These works provide a vital encounter for the viewer; observations from our world that through collaged irruptions of language allow a space of lyrical generative play and possibility.
EXHIBITION AT THE BINDERY, 53 HATTON GARDEN, LONDON EC1N 8HN
21 OCT - 2 DEC 2022
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Aleph Contemporary’s exhibition, Field Notes, explores the resonances across the work of artists Anna van Oosterom, Jacopo Dal Bello and Andrew Hewish. Field notes are observations recorded ‘in the field’. These works are soundings of our times, they plunder sources using the language of collage to produce a collage of languages - written and visual. They produce for the viewer a world that is open and intriguing - from conversations overheard on the subway, text sliced from grand musings, glyphs and numbers dropped out of the everyday, marks from the masters and bits of canvas sewn together.
These elements are cast anew as striking visual works that are lyrical in their associations that speak in a new language from the old. These works provide a vital encounter for the viewer; observations from our world that through collaged irruptions of language allow a space of lyrical generative play and possibility. While some works in this exhibition are from direct observations, recordings or sensations in situ – recalling plein air practice - what binds the works in this exhibition is the play of language, a use of collage and the shared field of that play in the rectangle.
Van Oosterom sets a stage for the viewer, a filmic treatment using transfer from photographic images collated one by one on the page. These worlds are built slowly and carefully in response to a particular text. Rather than a build-up of glued cut-outs on the page, van Oosterom spends careful time, in the spirit of Rauschenberg, lovingly transferring the ink, or rubbing back the paper on which the borrowed image sits, such that the image sits as a ghostly and ephemeral presence on the page. These are not illustrations but rather follow an internal, felt logic. These are not here to be logically decoded, but rather the dissonance between text and image floats freely. Yet they are potent words, gathered as they are from listening in to conversations on the New York subway. These are words caught on the wind in the rush of the commute - snippets overheard and held close by van Oosterom for later use. They are the words of unknown travellers, recorded verbatim and given new life here. The effect is one of watching a curious film in an unknown language, where the sub-titles deepen the shadows rather than illuminate. These are the private dramas of strangers made strange.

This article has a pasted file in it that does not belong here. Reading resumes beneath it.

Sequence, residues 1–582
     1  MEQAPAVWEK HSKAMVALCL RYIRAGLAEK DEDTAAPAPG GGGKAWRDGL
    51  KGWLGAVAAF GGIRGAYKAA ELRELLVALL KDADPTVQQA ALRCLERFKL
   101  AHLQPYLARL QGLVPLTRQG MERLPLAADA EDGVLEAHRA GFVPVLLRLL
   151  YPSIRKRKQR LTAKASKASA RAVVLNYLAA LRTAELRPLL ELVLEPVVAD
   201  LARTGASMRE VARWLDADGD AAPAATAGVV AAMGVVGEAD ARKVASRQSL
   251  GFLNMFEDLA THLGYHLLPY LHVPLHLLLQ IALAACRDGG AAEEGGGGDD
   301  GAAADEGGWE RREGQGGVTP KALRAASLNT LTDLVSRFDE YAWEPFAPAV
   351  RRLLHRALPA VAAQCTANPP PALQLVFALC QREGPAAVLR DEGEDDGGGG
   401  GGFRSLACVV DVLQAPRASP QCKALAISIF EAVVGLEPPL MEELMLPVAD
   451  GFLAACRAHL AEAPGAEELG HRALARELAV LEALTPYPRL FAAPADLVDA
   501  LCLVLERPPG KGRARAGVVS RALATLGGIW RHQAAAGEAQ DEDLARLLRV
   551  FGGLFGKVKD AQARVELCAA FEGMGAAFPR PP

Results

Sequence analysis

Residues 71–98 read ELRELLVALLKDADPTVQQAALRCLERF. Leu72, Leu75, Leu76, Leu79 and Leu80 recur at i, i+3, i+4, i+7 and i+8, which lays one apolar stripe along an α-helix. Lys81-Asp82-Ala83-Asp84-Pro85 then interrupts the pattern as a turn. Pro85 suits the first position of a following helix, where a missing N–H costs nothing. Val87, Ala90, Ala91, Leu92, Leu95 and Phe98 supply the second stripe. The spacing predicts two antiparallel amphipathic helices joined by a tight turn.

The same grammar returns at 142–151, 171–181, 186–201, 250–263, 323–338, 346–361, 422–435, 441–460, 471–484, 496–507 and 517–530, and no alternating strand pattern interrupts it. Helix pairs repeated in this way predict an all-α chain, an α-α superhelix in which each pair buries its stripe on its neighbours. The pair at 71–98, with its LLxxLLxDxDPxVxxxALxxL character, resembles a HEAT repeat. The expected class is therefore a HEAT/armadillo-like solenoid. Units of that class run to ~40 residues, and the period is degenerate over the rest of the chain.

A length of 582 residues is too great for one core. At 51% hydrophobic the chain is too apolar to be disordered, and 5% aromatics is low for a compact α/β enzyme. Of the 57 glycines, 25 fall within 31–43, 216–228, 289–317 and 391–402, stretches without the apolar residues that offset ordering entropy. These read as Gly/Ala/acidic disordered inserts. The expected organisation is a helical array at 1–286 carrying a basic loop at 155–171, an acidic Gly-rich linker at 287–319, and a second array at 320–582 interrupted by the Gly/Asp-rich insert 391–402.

Dal Bello, who currently lives and works in Berlin, was as a student in the studio of Hewish, called ‘The Multivalent Line’, at what was then the Sir John Cass School in London. It was there he began to develop plundering the variety of tropes that has become his mature style. The work isliterally sewn together, where different segments are attached to form the ground on which the paint, pencil, transfer and glued inclusions sit. This is painting on uncertain but pleasurable ground. He has literalised the process of ‘suturing’ - whereby elements provoke meaning or narrative by virtue of their proximity to each other. The instability of coherence/non- coherence of collage is exploited here by Dal Bello, made more so in the dynamics of his drawn or pictorial incidents versus the blank space of the compositions. Tangential nods to language theory, art history and forms of graphic notation are the building blocks of Dal Bello’s work - a detail from a commercial trade mark, intense pencil marks or a borrowed picture. The scribbles of Twombly or the splodges of Bacon - spotting these borrowings which take on a new life can be a pleasurable game in viewing Dal Bello’s work. The works achieve a distinct synthesis in their balance between the free language of drawing and the world of the picture.